King Gizzard & The Lizard Wizard


I only found out I was coming to see King Gizzard and the Lizard Wizard an hour before they come on stage tonight. No time for a shower – throw on an unwashed tee and out to the Albert Hall in a matter of moments. To say i’m frenzied is an understatement and it’s a frenzy that continues from the moment the Aussie psych rockers start until they end.

Opening their set with ‘Rattlesnake’, the first track from their new album Flying Microtonal Banana, the crowd is instantly sent into a possessed hyperactive pit. Their two drummers tirelessly pound along in sync, creating a pulsing energy which is reciprocated by tonight’s crowd. Lead man Stu Mackenzie has to crouch down to the herd of bodies at the front to presumably tell them to calm down. No such thing happens though, energy is high throughout.

Before long they’re into ‘Billabong Valley’, a personal favourite off their latest release. Kenny Ambrose takes lead vocals on this track as the Wizard Lizard swap instruments and places on stage. With the Western-style looping guitar riff, it’s a tune that wouldn’t sound out of place soundtracking a Quentin Tarantino movie. For a band with a more than frequent output, the number of fans that scream every word back towards the stage all night is impressive: the new album only came out this year after all.

Mackenzie picks up a 12-string for ‘Altered Beast’ and for the first time things slow down and go a little quieter at the end of the track. ‘People Dodgers’ follows and the usual craziness resumes. The band has an odd way of sounding loose and tight all at once, it’s certainly a distinctive sound they have.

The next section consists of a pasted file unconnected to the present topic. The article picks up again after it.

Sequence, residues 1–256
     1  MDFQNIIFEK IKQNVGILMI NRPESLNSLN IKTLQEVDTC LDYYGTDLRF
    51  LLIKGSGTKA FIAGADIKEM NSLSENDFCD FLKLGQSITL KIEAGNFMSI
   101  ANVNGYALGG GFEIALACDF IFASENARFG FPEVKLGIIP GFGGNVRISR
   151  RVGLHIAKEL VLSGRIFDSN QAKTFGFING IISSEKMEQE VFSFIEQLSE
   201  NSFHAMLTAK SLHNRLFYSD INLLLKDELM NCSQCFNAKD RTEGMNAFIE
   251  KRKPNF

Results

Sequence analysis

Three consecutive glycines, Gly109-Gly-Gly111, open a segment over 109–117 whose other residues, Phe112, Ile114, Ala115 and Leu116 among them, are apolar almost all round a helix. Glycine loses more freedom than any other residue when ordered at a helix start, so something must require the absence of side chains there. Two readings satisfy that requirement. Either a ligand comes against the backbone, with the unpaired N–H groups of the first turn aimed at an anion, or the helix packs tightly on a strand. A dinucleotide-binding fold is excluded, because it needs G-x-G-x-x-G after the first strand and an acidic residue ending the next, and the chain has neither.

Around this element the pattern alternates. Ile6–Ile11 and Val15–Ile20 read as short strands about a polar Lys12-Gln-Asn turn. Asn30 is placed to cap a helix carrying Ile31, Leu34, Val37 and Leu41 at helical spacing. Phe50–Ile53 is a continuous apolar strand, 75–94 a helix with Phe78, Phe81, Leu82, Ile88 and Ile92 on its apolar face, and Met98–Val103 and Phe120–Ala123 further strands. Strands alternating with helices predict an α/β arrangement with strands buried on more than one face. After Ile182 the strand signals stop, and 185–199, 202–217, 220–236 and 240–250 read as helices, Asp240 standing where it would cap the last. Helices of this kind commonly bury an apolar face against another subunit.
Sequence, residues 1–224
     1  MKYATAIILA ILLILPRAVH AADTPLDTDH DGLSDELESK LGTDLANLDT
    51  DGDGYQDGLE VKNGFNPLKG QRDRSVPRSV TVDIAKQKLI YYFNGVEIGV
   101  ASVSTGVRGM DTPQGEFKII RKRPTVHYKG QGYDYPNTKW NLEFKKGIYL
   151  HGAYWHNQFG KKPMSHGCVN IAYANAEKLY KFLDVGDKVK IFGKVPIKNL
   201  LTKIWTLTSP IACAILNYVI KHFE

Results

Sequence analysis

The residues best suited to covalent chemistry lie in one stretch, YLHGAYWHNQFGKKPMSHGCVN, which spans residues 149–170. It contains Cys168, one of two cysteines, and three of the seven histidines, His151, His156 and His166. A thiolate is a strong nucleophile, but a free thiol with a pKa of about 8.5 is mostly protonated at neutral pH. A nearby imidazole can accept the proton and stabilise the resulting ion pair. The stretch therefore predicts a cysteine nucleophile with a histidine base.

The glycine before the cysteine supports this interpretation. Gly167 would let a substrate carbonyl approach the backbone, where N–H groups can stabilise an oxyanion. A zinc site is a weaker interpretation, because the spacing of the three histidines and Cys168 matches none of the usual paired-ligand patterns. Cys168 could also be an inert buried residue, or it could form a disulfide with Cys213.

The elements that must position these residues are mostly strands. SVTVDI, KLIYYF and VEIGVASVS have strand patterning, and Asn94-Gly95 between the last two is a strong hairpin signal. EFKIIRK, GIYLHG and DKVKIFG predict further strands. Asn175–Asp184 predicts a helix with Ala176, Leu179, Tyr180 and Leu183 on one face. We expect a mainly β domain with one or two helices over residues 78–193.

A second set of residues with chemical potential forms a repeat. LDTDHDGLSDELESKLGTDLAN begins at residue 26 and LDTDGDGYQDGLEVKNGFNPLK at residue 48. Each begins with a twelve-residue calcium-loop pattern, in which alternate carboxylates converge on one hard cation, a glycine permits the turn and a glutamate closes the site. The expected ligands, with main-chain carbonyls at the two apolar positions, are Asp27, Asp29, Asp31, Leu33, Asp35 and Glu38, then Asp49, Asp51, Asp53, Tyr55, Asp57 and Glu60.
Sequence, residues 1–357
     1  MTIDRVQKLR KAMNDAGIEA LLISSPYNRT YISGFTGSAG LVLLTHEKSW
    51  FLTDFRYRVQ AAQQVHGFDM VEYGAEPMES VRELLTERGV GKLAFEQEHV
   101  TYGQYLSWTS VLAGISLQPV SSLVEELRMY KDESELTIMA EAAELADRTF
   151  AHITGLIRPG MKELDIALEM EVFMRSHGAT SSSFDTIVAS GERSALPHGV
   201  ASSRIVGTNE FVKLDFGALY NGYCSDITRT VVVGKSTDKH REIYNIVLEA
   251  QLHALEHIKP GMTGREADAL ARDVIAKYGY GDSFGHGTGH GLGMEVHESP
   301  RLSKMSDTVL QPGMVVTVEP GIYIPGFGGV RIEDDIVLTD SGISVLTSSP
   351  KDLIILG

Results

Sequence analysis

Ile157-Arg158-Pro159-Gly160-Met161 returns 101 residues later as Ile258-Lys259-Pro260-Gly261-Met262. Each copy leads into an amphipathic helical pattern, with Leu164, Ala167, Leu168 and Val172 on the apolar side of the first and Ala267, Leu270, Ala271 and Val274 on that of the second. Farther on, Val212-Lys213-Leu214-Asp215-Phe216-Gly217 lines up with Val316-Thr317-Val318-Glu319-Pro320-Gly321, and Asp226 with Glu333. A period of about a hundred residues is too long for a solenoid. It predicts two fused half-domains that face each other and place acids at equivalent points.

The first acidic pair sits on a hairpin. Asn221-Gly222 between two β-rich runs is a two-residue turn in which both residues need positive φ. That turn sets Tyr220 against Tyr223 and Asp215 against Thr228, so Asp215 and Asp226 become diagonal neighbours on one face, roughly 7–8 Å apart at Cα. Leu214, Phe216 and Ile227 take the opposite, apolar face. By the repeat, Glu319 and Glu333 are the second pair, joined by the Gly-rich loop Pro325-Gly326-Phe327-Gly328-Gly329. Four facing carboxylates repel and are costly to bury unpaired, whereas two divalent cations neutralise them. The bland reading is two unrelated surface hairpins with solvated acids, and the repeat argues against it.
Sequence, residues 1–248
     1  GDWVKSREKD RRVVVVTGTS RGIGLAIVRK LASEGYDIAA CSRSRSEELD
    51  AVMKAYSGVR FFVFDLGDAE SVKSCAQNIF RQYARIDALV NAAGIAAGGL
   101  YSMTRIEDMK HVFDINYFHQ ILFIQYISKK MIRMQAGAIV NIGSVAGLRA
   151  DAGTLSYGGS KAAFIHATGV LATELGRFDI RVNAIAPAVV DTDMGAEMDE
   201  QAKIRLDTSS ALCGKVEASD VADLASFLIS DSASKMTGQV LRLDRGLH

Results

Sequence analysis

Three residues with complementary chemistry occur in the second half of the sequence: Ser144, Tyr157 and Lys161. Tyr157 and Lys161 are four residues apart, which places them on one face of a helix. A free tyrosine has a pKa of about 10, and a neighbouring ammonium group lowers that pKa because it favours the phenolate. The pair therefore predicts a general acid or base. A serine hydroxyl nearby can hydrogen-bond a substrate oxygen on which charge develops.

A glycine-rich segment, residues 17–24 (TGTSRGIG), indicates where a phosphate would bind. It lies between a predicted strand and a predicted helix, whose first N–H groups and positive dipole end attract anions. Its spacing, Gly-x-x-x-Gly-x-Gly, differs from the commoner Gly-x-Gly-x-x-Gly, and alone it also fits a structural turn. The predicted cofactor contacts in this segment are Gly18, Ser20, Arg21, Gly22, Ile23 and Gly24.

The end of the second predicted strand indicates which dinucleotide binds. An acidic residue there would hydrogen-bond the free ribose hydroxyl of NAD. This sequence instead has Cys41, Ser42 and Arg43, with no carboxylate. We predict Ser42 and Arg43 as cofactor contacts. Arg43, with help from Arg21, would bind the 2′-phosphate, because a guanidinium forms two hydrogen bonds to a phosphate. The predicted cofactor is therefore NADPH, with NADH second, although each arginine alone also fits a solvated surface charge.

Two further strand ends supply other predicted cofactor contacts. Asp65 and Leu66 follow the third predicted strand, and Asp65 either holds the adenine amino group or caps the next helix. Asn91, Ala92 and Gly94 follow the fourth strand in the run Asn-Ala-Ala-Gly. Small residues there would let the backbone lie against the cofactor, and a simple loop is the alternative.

They end with the three-part epic ‘The River’. You wouldn’t be blamed for thinking King Gizzard have played way over thirty songs in tonight’s set, but with the tempo and key changes they are famous for, each track can last ten minutes or longer. It’s been a pleasure to watch, and finally I have a sobering moment as they leave the stage. Truth is though, I don’t really want the frenzy I’m in to end.

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James Power

When resisting the urge to put on the new Radiohead album for the one-billionth time, I try to keep my music listening as eclectic as possible.I was the clichéd skinny jeans & Strokes t-shirt clad indie kid in school clad and have never really grown out of that. Since starting university in 2012 I’ve got into lots of electronic, house, techno music and finding it very addicting. Favourites include Jon Hopkins, Todd Terje and Nicolas Jaar. Very recently I’ve been getting into old shoegaze bands like My Bloody Valentine, Ride & The Jesus and Mary Chain. I’ll have probably found something new by next week. Anything Thom Yorke puts his name to is one constant though.I’m a lover of CDs (probably because as a student I can’t quite afford vinyl) and my 250+ strong collection seems to be growing exponentially. If we discussed the pros and cons of physical music compared to streaming and how we consume music today, I could bore you for hours.Soup Kitchen is my spiritual home.I’ve pledged to take a review a month of an artist that I know nothing about, so sometimes I might sound like an idiot.